Twenty years ago, Clarence Aaron of Mobile, Ala., received three life prison terms for his role in a drug deal. On Thursday, President Obama commuted his sentence and those of seven others, seeking to undo some of the damage stemming from a time when the sentencing disparities between crack and powder cocaine convictions reached 100 to 1.
In 2010, Congress approved legislation repairing part of the damage. Lawmakers narrowed the disparity for future cases. Yet that leaves a significant segment of the federal prison population serving time for past offenses under a sentencing regime now deemed unfair and wrongheaded.
Earlier this month, the judges on the federal appeals court in Cincinnati split over the question of what to do. A narrow majority held that, regrettable as the circumstances are, the current law leaves no room for remaking sentences to reflect the current understanding.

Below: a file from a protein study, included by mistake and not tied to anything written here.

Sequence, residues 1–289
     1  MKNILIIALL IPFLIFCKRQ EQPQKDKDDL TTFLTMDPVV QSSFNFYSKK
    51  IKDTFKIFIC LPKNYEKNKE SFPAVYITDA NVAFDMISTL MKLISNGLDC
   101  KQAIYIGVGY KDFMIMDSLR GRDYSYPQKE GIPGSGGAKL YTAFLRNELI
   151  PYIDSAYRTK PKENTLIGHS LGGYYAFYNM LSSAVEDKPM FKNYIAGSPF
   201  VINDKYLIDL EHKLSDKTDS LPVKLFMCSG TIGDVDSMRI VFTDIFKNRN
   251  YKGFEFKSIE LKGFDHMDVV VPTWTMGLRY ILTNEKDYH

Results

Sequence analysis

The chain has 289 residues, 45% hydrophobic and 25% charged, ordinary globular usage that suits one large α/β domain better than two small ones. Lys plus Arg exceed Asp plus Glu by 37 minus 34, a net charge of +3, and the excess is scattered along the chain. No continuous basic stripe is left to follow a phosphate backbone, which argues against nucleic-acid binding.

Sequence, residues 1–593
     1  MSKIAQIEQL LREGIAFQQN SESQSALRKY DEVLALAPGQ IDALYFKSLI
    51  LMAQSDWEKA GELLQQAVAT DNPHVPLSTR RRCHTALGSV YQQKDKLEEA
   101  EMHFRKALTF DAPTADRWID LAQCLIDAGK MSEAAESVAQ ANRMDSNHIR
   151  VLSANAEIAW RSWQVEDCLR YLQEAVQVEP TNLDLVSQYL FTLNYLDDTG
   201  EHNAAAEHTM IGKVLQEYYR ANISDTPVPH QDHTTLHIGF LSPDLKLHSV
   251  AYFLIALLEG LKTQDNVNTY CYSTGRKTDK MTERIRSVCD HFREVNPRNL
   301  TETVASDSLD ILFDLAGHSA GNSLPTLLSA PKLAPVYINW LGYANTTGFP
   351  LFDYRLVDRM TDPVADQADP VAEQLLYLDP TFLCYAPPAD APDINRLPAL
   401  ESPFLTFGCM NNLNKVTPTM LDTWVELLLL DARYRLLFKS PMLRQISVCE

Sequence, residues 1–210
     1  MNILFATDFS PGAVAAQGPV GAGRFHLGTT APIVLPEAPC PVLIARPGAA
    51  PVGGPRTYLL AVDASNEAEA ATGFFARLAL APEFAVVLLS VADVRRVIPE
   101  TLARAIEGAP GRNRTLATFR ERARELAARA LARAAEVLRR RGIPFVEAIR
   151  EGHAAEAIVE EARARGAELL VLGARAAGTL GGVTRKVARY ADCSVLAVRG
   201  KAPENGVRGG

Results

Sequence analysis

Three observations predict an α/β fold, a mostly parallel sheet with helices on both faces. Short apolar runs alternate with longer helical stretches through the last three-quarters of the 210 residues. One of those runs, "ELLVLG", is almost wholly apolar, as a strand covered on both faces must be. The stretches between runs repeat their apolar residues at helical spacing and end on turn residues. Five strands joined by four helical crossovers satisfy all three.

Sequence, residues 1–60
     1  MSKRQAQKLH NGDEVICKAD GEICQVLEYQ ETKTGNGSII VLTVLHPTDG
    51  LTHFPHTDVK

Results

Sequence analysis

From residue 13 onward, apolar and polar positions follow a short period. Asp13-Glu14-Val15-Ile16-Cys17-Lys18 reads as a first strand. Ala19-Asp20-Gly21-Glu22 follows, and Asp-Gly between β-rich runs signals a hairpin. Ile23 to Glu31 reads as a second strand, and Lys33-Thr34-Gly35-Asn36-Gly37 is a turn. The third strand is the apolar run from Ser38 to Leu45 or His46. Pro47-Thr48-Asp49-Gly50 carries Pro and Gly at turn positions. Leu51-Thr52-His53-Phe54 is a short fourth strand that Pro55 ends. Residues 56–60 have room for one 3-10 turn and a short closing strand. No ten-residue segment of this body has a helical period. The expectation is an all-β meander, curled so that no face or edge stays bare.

A minority of the judges did explore the real potential for viewing the harsh terms as now violating the constitutional prohibition against cruel and unusual punishment. The best option calls for Congress to get back to work. Lawmakers already have decided the sentences are unjust. Now they must make the law retroactive, acting as the president did to repair the harm.